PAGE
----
INSIGHTS: Impact of Federal Budget on the financial services sector

May 15, 2017

Overview: The Commonwealth Government’s 2017–2018 Budget initiatives released on 9 May will target three principal regulatory components in the financial services sector over the short and longer term, in particular:

  • reforms to dispute resolution capturing financial services, superannuation, trustee services, banking, finance and insurance
  • expanding the powers of the Australian Prudential Regulation Authority (APRA) relating to authorised deposit-taking institutions (ADIs) and targeting the accountability of directors and executives of ADIs
  • measures to enhance competition in the financial services sector including the establishment of a dedicated unit within the ACCC to undertake regular inquiries concerning competition in financial system.

Meridian Lawyers will release further detailed guidance on each of these matters as they develop.

Resolving disputes

The Federal Budget affirms and institutes the central recommendation of the Ramsay Review to establish a new authority to be known as the Australian Financial Complaints Authority (AFCA), which will be the sole external dispute resolution scheme for the financial sector.

From 1 July 2018, AFCA will replace:

  • the Superannuation Complaints Tribunal (SCT)
  • the Financial Ombudsman Service (FOS)
  • the Credit and Investments Ombudsman (CIO)


AFCA will be supervised by ASIC, which will have the power to issue a general direction to ensure AFCA complies with legislative and regulatory requirements.

All Australian Financial Services Licensees and financial sector firms will be required to be members of AFCA, which will have an enhanced power to monitor how member firms deal with complaints internally and its decision will be binding on all firms.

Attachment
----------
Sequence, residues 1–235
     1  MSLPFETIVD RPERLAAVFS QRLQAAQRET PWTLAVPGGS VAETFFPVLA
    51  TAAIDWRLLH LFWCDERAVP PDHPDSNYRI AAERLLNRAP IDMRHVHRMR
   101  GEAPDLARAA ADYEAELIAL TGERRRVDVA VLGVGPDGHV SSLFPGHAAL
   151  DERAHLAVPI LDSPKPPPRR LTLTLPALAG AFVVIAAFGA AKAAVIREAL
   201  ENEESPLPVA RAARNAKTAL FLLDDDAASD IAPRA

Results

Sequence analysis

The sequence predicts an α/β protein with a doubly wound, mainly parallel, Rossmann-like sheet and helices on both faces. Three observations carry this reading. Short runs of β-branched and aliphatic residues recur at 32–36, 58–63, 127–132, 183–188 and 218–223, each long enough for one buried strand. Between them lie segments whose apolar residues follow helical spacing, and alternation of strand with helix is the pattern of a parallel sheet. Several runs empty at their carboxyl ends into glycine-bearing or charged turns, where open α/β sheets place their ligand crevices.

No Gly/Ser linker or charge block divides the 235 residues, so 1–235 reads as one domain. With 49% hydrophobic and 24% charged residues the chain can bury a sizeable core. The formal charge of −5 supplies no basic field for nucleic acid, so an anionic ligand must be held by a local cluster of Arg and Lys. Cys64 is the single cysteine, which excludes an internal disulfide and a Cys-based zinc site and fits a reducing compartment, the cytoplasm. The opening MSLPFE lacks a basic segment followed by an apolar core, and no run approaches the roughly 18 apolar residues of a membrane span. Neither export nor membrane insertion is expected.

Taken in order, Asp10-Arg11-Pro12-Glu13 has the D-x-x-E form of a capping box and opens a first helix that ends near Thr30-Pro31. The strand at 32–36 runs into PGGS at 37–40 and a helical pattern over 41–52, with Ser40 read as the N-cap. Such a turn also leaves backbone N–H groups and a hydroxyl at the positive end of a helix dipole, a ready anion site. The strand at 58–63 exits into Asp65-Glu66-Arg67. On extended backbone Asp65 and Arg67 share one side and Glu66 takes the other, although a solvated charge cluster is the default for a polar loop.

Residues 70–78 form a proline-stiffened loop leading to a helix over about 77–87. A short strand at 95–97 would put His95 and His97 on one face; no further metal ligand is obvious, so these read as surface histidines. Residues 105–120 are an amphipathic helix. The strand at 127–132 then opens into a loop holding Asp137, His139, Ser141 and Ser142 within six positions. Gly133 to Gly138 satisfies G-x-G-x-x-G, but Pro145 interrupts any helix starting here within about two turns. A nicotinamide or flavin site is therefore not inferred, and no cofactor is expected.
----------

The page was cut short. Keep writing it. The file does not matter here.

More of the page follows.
The SCT, FOS and CIO will keep operating until 1 July 2020, to work through their existing complaints.

AFCA will hear disputes within a limit of no less than $500,000 for consumer disputes and $1 million for small business disputes, together with an unlimited jurisdiction for disputes relating to guarantees and superannuation.

The federal government will also consult about compensation caps relating to mortgages and general insurance products and whether disputes about these should move to a higher compensation cap of $1 million. The current FOS limit is $500,000.

Full details about AFCA have yet to be released. It seems that AFCA will be able to hear disputes of a higher value so that more customers and small businesses will have their disputes heard and be able to access fair compensation.

AFCA will be governed by an independent board, with an independent chair and equal numbers of directors with industry and consumer backgrounds and be wholly funded by industry. AFCA will commence operations from 1 July 2018.

Care will need to be taken with the implementation of AFCA as its jurisdiction will cover some highly technical disputes particularly in the area of life insurance, disability claims and superannuation.